The Nurses Who Saved Me

"Do you continue to revise poems after they have been published?" Yes, evidently, I do. This poem has just been published in Packingtown Review, a literary journal. However, after I submitted it, the images and ideas continued to needle me until it became this, below. I like to see how a poem evolves. I thought I would share this evolution with you. What about you? When do you know a poem (or a painting, or any work of yours) is finished?

The Nurses Who Saved Me

After she died, I was lost, I wanted to be, like a dry
windswept thing. Memories where we lived were
rusted barbs wrenching into me. So I fled

to the desert. There the nurses were like Sherpas
telling stories of their travels--the old hiker on the peak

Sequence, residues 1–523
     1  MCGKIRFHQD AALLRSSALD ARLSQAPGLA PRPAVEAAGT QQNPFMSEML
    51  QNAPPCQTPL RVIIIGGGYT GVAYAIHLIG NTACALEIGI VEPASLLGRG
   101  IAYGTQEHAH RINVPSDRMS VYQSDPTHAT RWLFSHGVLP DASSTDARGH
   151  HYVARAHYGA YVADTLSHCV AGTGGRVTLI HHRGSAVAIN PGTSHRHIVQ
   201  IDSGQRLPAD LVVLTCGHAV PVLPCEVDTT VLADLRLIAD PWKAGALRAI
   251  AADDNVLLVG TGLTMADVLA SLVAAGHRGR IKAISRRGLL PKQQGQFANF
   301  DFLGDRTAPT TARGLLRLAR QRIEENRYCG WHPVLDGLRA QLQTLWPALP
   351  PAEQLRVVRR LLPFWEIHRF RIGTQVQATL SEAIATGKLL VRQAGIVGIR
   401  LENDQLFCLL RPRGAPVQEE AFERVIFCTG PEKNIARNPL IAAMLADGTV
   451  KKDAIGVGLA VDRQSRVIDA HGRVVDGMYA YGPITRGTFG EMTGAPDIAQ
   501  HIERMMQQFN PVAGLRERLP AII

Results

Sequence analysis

attacked and almost scalped one night by a grizzly.

While it ravaged his tent, they dragged him behind a tree
and propped him up against it, digging in on either side
to warm him with their bodies, keeping him awake

with stories whispered all night long so he wouldn’t
freeze or fall sideways, bleeding to death before one
of them could run for help in the morning.

Meanwhile, they were terrified by the bear’s stealth
coming and going, scavenging his busted tent throughout
the long hours--a darkness they could smell but couldn’t see.

Listening to their stories beneath the stars I was
distracted from everything, so close to the fire
my boots turned gooey, the toes started melting.

The next day on a high outcropping we rested
from hiking. I closed my eyes while the wind
buffeted, billowing all around me

and contemplated leaping to see how glorious far
from this world and my suffering its wildness
would take me--but thought the nurses

on either side might try to save me. Not wanting
to risk what could happen to them, I kept hiking
and listening to their stories.

(See the published version at